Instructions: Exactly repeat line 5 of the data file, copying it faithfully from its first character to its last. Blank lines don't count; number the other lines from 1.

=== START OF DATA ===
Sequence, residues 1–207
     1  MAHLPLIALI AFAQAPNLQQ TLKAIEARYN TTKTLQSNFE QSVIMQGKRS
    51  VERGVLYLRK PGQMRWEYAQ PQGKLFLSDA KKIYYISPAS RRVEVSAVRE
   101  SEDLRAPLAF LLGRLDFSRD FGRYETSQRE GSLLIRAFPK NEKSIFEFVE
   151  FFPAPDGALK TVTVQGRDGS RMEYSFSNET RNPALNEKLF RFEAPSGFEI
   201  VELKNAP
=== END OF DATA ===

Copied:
   151  FFPAPDGALK TVTVQGRDGS RMEYSFSNET RNPALNEKLF RFEAPSGFEI